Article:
Reaction of market on Repo Rate Reduction :
The Reserve Bank of India (or RBI), India’s central bank, surprised the financial world by unexpectedly reducing its key interest rate.The RBI reduced the repo rate by 25 basis points (or bps)to 7.75% on January 15, 2015. One basis point is 1/100 of 1%, so 1% equals 100 bps. The repo rate is the rate at which the RBI lends money to Indian commercial banks. Changes in the rate also signal an increase or decrease in rates to commercial banks. A reduced rate by the central bank is cue for commercial banks to reduce their rates. It will lead to more money in the hands of the consumer and greater spending. It is a positive for the Indian economy.
Why the Reserve Bank of India cut the repo rate
The RBI monitors inflation closely, and it also keeps crude oil prices and food prices on its radar.A fall in both of these led the consumer price index (or CPI) inflation down in recent months.The CPI inflation for December 2014, which was released on January 12, 2015, showed a rise of 5.0% from a year ago. Although it rose from a 4.4% pace set in November 2014, it was below the RBI’s target of 8.0% by January 2015.Three reasons for inflation being lower than expected:
1. Path of inflation:Since September 2014, prices of vegetables and fruits experienced a sharper-than-expected decline.The price of cereals experienced ebbing price pressures.International commodity prices, particularly crude oil, experienced a significant decrease.
2.Fiscal deficit target: Government’s assurance of sticking to its fiscal deficit target of 4.1% in the current fiscal year.Reports from Finance Ministry reveals that all efforts were being made to ensure that the government does not default on the fiscal deficit target.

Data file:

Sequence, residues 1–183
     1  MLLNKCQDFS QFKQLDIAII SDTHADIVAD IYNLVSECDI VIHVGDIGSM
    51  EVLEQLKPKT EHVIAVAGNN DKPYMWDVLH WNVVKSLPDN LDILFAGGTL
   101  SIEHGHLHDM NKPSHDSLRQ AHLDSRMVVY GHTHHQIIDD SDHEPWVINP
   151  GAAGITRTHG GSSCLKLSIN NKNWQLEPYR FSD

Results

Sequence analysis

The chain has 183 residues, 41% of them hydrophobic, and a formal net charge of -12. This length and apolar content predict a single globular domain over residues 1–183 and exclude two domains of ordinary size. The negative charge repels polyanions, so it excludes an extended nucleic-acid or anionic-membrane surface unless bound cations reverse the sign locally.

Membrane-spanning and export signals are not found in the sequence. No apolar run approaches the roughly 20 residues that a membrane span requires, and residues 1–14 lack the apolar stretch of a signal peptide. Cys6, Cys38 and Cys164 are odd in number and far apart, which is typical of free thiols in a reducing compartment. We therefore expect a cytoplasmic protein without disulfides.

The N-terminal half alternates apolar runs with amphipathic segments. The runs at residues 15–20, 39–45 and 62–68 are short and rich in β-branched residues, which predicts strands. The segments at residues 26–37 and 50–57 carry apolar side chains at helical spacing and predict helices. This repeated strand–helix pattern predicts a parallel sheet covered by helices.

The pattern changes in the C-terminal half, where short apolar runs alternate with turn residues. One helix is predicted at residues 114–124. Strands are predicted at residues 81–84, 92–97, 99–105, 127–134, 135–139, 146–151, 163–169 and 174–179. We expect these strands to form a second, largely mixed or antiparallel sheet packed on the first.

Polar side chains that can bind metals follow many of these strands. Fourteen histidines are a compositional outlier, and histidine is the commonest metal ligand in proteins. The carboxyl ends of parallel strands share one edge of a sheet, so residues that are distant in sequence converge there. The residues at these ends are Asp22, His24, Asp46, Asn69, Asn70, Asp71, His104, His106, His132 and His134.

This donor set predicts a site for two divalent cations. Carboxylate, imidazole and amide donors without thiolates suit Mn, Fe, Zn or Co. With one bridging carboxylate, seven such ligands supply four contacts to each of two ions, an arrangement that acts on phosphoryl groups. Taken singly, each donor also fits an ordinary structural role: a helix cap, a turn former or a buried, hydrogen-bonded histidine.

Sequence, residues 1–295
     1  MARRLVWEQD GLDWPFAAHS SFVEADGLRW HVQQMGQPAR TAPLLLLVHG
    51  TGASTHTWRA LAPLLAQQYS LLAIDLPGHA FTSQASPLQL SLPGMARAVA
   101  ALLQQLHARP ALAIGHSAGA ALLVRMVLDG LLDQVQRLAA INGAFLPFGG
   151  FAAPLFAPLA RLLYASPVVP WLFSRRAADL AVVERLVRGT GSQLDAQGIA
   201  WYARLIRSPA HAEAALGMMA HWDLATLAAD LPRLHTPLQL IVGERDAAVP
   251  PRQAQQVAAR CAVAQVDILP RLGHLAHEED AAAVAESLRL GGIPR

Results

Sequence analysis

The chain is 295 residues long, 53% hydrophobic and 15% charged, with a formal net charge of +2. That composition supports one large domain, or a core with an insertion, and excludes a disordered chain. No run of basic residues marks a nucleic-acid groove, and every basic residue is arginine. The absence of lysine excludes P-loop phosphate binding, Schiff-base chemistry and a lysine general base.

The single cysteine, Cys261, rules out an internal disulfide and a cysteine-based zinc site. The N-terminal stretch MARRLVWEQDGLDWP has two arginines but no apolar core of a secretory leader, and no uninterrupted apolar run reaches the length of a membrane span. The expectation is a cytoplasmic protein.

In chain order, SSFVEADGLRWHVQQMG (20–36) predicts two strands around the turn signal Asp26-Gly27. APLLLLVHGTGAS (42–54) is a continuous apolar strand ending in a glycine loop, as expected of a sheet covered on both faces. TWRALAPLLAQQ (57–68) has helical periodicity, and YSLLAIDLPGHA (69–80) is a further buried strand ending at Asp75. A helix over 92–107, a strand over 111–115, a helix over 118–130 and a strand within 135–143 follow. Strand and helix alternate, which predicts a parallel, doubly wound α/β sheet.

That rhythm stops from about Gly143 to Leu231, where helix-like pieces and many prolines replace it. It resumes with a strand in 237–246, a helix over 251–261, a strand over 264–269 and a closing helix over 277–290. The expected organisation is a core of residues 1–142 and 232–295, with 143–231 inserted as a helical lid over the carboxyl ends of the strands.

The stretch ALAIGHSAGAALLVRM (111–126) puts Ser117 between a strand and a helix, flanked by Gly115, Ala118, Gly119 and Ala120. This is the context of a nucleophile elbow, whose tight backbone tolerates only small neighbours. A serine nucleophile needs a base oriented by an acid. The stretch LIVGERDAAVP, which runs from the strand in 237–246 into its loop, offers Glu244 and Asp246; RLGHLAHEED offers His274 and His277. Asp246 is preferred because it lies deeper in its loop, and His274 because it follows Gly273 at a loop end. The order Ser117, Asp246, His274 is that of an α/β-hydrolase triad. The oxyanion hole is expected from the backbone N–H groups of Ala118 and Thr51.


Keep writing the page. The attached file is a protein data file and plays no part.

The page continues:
3.Inflation expectations: Households inflation expectations is in comfortable zone both near-term and longer-term and eased to single digits for the first time since September 2009. Inflation is below the targeted 8 per cent by January 2015. On current policy settings, inflation is likely to be below 6 per cent by January 2016.
Indian markets react to a reduction in India’s repo rate
Aims to boost growth amid slowing inflation. Policymakers also signaled further monetary easing, depending on continuing disinflationary pressures, fiscal consolidation and supply constraints. Both Union Bank of India and Kolkata-based United Bank of India both cut their base rate, or the rate below which they cannot lend to borrowers, by 25 bps to 10%. Banks such as ICICI Bank (IBN) and HDFC Bank (HDB) can expect an increase in quantity of loans if they reduce their rates as well.the rate cut should also help corporates borrow cheaply, which should help lower their borrowing costs and increase their profits
In response to the move Indian stock markets welcomed the Reserve Bank of India’s (or RBI) move of reducing the repo rate by 25 basis points to 7.75%. Benchmark equity indices like the S&P BSE Sensex and the CNX Nifty ended the day up over 2.6% each. The S&P BSE Sensex had risen by 3.1% over its previous close before reducing some losses and ending at 28,075.5.This move may cause a reduction in interest rates on home loans and lower EMIs as well as more funds available to the builders.
It provide growth momentum to the market by injecting liquidity to the market